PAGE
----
The City of Birmingham Symphony Orchestra has produced 72 anthems in advance of Birmingham 2022 ©Getty Images

The City of Birmingham Symphony Orchestra (CBSO) has completed a marathon three-day recording session to produce the 72 anthems which will be used at poignant moments during the 2022 Commonwealth Games.

They were arranged and conducted by Philip Sheppard, a professor at the Royal College of Music who performed a similar task for the 2012 Olympics.

"I have strived to match the adrenaline and excitement of the Games in my versions of the anthems," Sheppard said.

"We are recording with care and want these anthems to sound as great as possible. 

"We want to give the medallists and audience goosebumps."

Fifty musicians took part in laying down the tracks at the CBSO Centre in Birmingham.

"The excitement and anticipation of the Games has most definitely been incorporated into these arrangements of the anthems," Sheppard said.

The stipulation is that they should last between 60 and 90 seconds but Sheppard admitted problems achieving the right length for Uganda.

This was played at Gold Coast 2018 to recognise Joshua Cheptegei's double in the men's 5,000 metres and 10,000m and Stella Chesang's victory in the women’s 10,000m.

"The Ugandan anthem is tough as it is only eight bars long so not long enough for the flag-raising time limit," Sheppard said.

"We thought to play it slowly but it would just sound sad, so I decided to record it three times each with a different variation.

"We contacted Uganda to check they were okay with this!"

The recordings will be used during welcome ceremonies held as teams arrive at the Village, but most notably at victory ceremonies.

Joshua Cheptegei, centre, twice ensured that the Ugandan anthem was heard at Gold Coast 2018 ©Getty Images
Joshua Cheptegei, centre, twice ensured that the Ugandan anthem was heard at Gold Coast 2018 ©Getty Images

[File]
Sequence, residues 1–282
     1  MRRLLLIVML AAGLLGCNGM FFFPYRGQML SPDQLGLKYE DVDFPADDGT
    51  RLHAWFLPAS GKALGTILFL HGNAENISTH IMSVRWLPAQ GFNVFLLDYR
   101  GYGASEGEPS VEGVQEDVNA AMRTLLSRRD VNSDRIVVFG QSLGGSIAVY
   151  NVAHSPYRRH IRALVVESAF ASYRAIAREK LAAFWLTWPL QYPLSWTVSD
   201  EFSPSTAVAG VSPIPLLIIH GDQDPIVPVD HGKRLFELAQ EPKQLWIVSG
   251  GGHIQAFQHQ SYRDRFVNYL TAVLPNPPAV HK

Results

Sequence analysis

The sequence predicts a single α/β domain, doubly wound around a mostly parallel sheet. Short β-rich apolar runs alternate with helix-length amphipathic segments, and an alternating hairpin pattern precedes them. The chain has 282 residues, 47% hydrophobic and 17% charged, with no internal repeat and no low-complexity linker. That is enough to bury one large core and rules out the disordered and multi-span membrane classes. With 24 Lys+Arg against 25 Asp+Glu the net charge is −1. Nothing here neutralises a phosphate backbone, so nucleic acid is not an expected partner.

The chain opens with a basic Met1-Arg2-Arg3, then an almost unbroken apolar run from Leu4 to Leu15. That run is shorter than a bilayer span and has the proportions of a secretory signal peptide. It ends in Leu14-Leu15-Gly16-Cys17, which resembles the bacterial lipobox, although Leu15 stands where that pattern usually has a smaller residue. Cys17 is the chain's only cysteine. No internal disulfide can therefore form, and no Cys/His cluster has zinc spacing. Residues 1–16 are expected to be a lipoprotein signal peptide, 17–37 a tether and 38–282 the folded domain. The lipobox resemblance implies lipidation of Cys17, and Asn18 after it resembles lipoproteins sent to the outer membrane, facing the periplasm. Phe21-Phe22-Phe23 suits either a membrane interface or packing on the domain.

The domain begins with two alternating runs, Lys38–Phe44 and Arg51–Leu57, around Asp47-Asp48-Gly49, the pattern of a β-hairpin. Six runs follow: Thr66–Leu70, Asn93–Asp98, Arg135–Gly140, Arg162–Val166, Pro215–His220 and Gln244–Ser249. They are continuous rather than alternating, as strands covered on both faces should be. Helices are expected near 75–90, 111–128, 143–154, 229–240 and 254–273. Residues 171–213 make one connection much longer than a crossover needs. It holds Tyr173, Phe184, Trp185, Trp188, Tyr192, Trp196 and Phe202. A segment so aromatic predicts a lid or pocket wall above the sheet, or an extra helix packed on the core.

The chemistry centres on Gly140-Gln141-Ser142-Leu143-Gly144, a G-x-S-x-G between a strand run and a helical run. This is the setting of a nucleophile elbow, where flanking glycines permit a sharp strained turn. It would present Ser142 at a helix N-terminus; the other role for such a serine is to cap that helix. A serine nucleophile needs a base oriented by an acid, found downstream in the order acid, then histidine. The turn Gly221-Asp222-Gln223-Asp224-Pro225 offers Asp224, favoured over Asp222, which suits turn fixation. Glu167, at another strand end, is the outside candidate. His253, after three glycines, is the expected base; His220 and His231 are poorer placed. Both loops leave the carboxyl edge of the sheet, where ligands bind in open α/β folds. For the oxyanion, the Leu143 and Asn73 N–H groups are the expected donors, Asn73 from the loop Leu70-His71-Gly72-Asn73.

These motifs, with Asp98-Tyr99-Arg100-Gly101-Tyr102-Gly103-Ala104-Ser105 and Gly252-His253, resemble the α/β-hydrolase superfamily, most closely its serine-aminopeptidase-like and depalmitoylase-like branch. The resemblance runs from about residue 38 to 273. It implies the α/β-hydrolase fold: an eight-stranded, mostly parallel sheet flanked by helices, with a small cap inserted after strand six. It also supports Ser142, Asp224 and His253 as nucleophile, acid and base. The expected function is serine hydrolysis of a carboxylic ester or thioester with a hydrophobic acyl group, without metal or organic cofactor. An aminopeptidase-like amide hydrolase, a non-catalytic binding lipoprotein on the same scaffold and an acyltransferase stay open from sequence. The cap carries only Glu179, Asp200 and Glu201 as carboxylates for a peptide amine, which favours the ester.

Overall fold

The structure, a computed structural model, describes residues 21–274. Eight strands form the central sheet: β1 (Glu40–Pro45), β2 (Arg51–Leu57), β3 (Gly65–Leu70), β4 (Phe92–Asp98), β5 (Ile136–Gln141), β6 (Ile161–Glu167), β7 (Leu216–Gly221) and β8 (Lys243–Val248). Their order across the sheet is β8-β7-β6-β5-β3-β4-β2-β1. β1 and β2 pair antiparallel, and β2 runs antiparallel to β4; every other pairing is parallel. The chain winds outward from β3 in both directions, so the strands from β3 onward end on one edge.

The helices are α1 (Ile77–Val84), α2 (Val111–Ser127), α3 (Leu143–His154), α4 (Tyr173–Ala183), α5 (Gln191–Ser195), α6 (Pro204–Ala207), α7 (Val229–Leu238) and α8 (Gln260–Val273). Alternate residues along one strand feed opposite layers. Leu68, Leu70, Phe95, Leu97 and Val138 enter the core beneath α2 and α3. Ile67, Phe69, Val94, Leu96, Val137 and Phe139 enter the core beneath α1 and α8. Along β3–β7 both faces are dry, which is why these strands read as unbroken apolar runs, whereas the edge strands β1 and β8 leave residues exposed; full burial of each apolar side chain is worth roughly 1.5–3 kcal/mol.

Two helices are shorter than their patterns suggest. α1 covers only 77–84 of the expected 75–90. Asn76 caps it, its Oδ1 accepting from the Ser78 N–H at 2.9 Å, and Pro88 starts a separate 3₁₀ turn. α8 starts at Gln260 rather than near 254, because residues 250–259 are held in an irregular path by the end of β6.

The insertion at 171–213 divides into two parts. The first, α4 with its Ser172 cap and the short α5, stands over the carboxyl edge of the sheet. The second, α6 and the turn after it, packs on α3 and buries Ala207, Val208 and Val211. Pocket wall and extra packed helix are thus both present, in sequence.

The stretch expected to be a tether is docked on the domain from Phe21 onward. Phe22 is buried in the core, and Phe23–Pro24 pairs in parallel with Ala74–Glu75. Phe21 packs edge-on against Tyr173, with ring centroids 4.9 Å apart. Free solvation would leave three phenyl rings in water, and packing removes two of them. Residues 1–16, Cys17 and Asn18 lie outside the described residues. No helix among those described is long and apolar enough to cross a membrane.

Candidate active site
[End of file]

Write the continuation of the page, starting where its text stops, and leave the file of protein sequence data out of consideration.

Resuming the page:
"Nothing tugs at the heart strings harder than a national anthem being belted out in a packed stadium by emotional athletes and thousands of their supporters," Birmingham 2022 chief executive Ian Reid said. 

"We’re delighted the CBSO are playing such an important part in the victory ceremonies of the Games and I’m really looking forward to hearing these anthems played next year."

At least one anthem has changed since 2018 ,when 400m hurdler Kyron McMaster won the first Commonwealth gold for the British Virgin Islands.

God Save the Queen was played at the victory ceremony, but in May 2020, agreement was reached for the BVI to use the territorial song Oh Beautiful Virgin Islands at the Olympics and Commonwealth Games.

God Save the Queen was played in Tokyo when Bermuda's Flora Duffy added Olympic gold to her 2018 Commonwealth Games title. 

It will be heard again should she repeat her triumph in Birmingham.

The Norfolk Islands, St Helena, Montserrat and the Turks and Caicos Islands will use the same anthem if they should win gold.

England victory anthem is Sir Hubert Parry’s Jerusalem

In 2010, it replaced the popular Land of Hope and Glory by Sir Edward Elgar which was heard 53 times the last time England hosted the Games in 2002.

The Falkland Islands, celebrating 40 years of Commonwealth Games participation in Birmingham, has designated Song of the Falklands as its victory anthem.

Although instrumental versions are used at medal ceremonies, many athletes choose to sing along. 

In the case of the most recent host nation Australia, which will lead next year’s Opening Ceremony parade in Birmingham, the lyrics to Advance Australia Fair were changed this year to include the phrase "we are one and free", reflecting inclusion of indigenous peoples.